Years ago when I debated adoption advocate and adoptive parent of two "magical children"* from Peru Elizabeth Bartholet on PBS, she unilaterally labeled any and all research that showed that adoptees had more psychological problems than the general, non-adopted population "garbage." Yes, that is what she called it. And of course the three adoption attorneys coming in by remote camera sat there nodding in agreement. (This was the day Jessica/Anna was removed from the Deboer couple and returned to her biological parents, the Schmidts. It was quite a mob scene against me. Most of the world had been worked up into a pro-adoptive Deboer frenzy. However, Anna did just fine with her real family and has no memory of the Deboers.)
Bartholet has her own reasons for claiming adoption is honkey-dorey whenever a child is hungry in a poor place in the world (I'm over simplifying, but that is basically her message). But it is clear to anyone who can read that being adopted is no piece of cake and for many leads to real psychological harm. If it did not, there wouldn't be a zillion blogs and half as many books talking about the trauma of being adopted. What is ridiculous is that there is so little psychological research on the lifelong impact of being adopted. Adopted adolescents have been studied, but adults? Very little hard research exists because there is so much bias for the "good" of adoption in today's infertile middle-class society that few are considering what's wrong about being adopted.
BUILT-IN STRESS OF THE ADOPTEE'S REALITY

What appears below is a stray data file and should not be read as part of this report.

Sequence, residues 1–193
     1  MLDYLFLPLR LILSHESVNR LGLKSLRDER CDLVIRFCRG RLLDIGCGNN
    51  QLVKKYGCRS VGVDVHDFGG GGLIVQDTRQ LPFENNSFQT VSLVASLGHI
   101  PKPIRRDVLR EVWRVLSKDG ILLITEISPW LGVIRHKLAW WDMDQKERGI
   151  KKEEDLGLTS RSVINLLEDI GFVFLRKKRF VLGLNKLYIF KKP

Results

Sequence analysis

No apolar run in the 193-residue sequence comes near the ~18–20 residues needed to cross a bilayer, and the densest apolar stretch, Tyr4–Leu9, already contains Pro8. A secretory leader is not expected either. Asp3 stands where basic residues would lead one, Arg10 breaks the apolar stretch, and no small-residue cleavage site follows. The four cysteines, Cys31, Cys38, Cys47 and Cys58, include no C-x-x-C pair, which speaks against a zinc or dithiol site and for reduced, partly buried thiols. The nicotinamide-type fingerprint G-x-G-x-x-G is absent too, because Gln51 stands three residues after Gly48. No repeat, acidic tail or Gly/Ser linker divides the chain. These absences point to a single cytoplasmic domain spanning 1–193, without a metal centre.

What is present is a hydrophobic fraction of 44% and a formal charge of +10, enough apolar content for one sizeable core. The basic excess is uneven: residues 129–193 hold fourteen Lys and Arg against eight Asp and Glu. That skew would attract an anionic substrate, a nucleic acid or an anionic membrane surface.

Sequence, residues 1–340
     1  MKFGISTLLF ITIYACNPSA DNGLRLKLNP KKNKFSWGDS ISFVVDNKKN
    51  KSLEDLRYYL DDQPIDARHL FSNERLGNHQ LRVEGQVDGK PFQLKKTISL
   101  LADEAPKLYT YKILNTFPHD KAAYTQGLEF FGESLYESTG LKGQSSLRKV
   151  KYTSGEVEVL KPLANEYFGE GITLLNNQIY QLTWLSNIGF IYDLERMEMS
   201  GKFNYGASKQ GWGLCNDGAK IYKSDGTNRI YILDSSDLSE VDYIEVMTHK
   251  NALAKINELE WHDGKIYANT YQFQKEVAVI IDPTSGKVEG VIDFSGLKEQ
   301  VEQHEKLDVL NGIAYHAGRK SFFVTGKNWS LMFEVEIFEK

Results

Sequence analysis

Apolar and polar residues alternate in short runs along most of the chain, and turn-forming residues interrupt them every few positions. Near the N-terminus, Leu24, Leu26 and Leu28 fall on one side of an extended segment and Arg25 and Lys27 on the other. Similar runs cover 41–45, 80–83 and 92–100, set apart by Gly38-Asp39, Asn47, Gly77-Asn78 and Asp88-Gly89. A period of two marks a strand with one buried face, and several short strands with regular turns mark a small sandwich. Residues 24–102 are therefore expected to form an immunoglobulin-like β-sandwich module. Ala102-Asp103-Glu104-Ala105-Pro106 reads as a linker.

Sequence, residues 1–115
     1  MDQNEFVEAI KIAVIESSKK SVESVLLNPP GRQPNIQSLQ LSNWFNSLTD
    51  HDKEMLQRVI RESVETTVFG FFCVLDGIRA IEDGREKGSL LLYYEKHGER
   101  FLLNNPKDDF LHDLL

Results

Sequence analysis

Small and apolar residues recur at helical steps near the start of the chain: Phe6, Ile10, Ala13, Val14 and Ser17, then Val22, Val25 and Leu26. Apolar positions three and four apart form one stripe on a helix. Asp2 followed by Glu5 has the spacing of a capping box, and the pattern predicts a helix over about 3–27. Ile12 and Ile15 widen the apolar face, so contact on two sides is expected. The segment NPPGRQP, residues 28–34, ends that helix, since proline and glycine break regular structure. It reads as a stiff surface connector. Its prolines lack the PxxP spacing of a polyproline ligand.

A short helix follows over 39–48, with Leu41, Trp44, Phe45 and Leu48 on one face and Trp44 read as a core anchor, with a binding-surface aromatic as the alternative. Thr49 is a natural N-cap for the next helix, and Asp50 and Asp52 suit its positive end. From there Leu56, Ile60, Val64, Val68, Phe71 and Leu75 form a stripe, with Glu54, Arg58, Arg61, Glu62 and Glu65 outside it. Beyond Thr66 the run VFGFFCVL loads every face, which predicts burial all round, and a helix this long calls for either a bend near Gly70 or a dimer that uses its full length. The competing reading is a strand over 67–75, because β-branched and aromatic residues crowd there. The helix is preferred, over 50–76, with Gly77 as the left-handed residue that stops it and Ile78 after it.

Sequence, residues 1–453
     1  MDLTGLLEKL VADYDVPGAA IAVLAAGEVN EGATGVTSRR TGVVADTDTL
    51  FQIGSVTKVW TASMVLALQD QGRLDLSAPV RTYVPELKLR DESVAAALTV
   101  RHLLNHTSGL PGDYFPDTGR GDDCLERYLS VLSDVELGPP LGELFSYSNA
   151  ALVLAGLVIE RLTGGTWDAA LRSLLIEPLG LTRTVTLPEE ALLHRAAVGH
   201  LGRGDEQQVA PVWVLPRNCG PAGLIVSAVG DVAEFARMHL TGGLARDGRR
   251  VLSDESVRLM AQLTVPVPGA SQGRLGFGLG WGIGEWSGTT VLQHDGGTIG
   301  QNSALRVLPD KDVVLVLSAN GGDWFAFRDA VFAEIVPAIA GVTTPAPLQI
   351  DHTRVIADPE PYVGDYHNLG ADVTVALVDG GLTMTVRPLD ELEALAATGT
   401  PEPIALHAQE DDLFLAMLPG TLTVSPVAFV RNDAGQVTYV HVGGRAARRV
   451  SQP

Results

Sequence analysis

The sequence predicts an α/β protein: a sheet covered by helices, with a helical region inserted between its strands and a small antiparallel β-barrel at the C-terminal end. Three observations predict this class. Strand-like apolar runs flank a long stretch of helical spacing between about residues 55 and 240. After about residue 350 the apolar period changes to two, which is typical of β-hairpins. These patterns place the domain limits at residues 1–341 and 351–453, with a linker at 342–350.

Yet in looking at the signs of a C-PTSD (Complex-Post Traumatic Stress Disorder), and what might cause it, one can not help but recognize how some of the causes can be related to adoption and what adoptees experience; why is it then so noxious to some to see that their reactions are simply normal? Here is what caught my eye:
"When people have been trapped in a situation over which they had little or no control at the beginning, middle or end, they can carry an intense sense of dread even after that situation is removed."Adoptees have no control over their adoption, and they grow up with the sense that this powerless situation will never end. They may be told that they are "lucky," to have such great (adoptive) parents, and thus the message that they should feel grateful that they were "rescued" from some fate (their poor natural mother) quite terrible is imbued into their upbringing. Hell, that sounds like a terrible fate!
Here is what the adoptee internalizes: Your mother couldn't keep you (what is wrong with me?); here are these other people who will take care of you, and no, we can't tell you anything about your natural mother and father. Or where they are. Or why you were given up. Or where they are. Or what happened to them. Or if they are alive. You aren't supposed to know. It's better that way. We the state have decided this. A long time ago. Don't you love your adoptive parents who have done so much for you? What is wrong with you that you don't find this situation agreeable? You are ungrateful if you search for them. If you do, don't you know how you are killing your mother--the one who raised you! You are only trying to "get back" at your long suffering real parents, Mom and Dad. No, you can't know who she is anyway because "we" have to "protect" your natural mother because she may not want her life disrupted by you! Be rational. She has a right to live her life without being bothered by you. That's the way it is. Get over it.
EMOTIONAL BONDAGE WITH NO RELIEF IN SIGHT